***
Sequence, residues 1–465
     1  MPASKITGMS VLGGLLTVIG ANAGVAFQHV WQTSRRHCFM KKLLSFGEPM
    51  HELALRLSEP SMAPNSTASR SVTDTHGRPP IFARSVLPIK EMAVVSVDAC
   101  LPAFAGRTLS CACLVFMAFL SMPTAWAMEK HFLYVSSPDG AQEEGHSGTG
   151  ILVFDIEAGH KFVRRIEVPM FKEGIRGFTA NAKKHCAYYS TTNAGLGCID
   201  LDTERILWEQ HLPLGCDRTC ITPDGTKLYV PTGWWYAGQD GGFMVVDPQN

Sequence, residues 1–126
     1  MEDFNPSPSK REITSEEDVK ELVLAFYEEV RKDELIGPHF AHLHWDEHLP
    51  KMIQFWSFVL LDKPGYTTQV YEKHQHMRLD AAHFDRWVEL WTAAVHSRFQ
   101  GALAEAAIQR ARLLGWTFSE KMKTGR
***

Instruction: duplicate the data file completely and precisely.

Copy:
Sequence, residues 1–465
     1  MPASKITGMS VLGGLLTVIG ANAGVAFQHV WQTSRRHCFM KKLLSFGEPM
    51  HELALRLSEP SMAPNSTASR SVTDTHGRPP IFARSVLPIK EMAVVSVDAC
   101  LPAFAGRTLS CACLVFMAFL SMPTAWAMEK HFLYVSSPDG AQEEGHSGTG
   151  ILVFDIEAGH KFVRRIEVPM FKEGIRGFTA NAKKHCAYYS TTNAGLGCID
   201  LDTERILWEQ HLPLGCDRTC ITPDGTKLYV PTGWWYAGQD GGFMVVDPQN

Sequence, residues 1–126
     1  MEDFNPSPSK REITSEEDVK ELVLAFYEEV RKDELIGPHF AHLHWDEHLP
    51  KMIQFWSFVL LDKPGYTTQV YEKHQHMRLD AAHFDRWVEL WTAAVHSRFQ
   101  GALAEAAIQR ARLLGWTFSE KMKTGR